EnterpriseDB SQL: Data Architecture
Oracle Tips by Burleson Consulting
read many SQL books and played with online tutorials. Almost
without exception, they start with the SQL SELECT statement and
build up to queries that are more complicated. I'm going to
approach this a bit differently. I believe that understanding
how the data is structured and why it is structured that way is a
better starting point.
honest, I am going to do quite a bit of generalization here.
This topic can be as detailed and complex as we would like it to be.
I am going to try to keep this as simple as possible while still
explaining the salient points. I know the heading of this
section, Data Architecture, sounds scary but it is really very
simple. If your mind can grasp the complexities of a filing
cabinet, you can understand databases.
database is a place to store data. A hard drive in your
computer is a type of database. The files and the directories
on the hard drive create what is known as a hierarchical database.
EnterpriseDB is what's known as a relational database. I will
explain below what makes it a relational database.
filing cabinet can be thought of as a database, and though it would
not be a relational database, it is still a type of database.
You use a filing cabinet to store and retrieve records. You
use a database to store and retrieve records. Filing cabinet =
Continuing with this analogy, a folder in the filing cabinet is the
equivalent of a database table. You can put many different
files in a cabinet. You can put the employee folder, the jobs
folder, the invoices folder, the accounts receivable folder, etc. in
a filing cabinet. In the same manner, your database can have
many tables: Employee, Jobs, Departments, Invoices, etc. File
Folder = Table!
geeks speak, they like to use words that other people won't
understand. Unless you're getting into the practical details
of database design, it's ok to make some assumptions. You can
assume that when a geek says ENTITY, what he means is TABLE.
It gets a little more complicated if the geek says RELATION. A
relation can be a table or it can be the data in two tables that
relates them. In general (very general), you can consider a
table = relation = entity = file folder. There are other words
that can be used and if you're around geeks for very long, they will
probably use them. If a geek near you starts speaking
gibberish, slap them and ask them to speak normally! But don't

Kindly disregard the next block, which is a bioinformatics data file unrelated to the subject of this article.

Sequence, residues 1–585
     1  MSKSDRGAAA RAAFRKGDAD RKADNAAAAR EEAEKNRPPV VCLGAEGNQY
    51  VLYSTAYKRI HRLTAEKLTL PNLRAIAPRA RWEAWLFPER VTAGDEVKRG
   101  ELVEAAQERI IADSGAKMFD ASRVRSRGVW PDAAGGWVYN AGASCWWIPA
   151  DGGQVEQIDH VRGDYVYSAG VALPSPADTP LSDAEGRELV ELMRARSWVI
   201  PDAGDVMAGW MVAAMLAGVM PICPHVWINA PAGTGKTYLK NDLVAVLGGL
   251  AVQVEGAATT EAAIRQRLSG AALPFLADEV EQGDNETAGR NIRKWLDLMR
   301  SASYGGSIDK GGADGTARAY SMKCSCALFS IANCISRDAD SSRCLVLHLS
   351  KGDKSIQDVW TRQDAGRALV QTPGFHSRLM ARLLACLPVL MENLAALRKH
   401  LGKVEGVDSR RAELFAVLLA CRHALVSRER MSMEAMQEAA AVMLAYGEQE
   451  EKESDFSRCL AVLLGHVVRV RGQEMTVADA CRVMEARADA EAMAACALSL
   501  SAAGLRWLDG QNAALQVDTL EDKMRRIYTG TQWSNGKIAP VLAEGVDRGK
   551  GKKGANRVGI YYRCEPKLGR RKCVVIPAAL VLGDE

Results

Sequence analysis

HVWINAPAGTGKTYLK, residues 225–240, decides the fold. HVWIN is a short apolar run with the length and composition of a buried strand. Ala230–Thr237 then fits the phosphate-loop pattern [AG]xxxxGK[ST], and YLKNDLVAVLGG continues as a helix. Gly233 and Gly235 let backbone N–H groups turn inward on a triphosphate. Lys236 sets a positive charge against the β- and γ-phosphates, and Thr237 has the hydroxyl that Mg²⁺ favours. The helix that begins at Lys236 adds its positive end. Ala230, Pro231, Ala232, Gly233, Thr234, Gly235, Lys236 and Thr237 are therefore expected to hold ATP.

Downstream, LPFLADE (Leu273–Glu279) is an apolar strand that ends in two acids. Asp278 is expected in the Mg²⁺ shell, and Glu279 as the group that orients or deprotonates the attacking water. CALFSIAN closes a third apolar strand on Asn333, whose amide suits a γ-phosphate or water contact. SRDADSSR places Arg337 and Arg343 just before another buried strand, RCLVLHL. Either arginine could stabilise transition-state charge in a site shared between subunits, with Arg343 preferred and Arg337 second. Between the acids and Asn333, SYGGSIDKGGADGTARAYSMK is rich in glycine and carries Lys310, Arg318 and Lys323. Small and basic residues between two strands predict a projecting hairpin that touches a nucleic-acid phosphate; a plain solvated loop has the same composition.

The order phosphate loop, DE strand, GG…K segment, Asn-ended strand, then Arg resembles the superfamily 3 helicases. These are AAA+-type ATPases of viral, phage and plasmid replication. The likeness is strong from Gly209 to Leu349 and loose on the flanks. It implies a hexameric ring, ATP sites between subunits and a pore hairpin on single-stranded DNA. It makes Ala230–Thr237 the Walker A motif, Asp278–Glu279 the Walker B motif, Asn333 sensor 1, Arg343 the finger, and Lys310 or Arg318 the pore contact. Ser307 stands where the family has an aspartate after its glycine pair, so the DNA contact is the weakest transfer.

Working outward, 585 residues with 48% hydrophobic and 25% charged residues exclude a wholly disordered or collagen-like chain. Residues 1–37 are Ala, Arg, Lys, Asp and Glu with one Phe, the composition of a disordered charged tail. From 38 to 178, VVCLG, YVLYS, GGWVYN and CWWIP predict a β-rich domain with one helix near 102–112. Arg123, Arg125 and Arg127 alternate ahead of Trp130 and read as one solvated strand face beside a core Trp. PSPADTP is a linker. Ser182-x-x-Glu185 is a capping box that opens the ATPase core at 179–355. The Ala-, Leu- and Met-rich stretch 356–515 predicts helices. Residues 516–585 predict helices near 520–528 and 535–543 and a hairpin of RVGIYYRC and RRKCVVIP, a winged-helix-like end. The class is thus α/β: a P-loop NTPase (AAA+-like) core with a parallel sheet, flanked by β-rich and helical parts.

tell them I sent you.
now we know that a filing cabinet can store many folders. What
do we put in folders? We put records in folders. An
employee record would go in the employee folder. That means
that a record would be something like a sheet of paper(s) containing
information about the subject of the folder. On that sheet of
paper would be one or more pieces of information. We can call
those items fields. An employee record would have a field for
name, address, phone number, etc.
table we would call these pieces of information columns. Data
in those columns would constitute a record. So, a table
contains records of information and that information is stored in
columns. When you add an employee to a table, you are adding
pieces of information (columns) about that employee (record).
many records are in an empty table? None. It's like an
empty folder. You only have records when you have data.
However, an empty table looks like an unfilled form. The
columns are still defined in the table but they contain no data.
to make a confusing topic a bit more complicated, some geeks call
records, tuples, and they call columns, attributes. Can't we
all just get along!
review what we have so far:
database is like a filing cabinet
table is like a folder
Tables and folders contain subject information
Information about a subject is called a record
folder record is composed of fields
table record is composed of columns
Geeks speak a foreign language
filing cabinet contains folders that contain records that contain
fields of information.
database contains tables that contain records that contain columns
is an excerpt from the book "EnterpriseDB:
The Definitive Reference" by Rampant TechPress.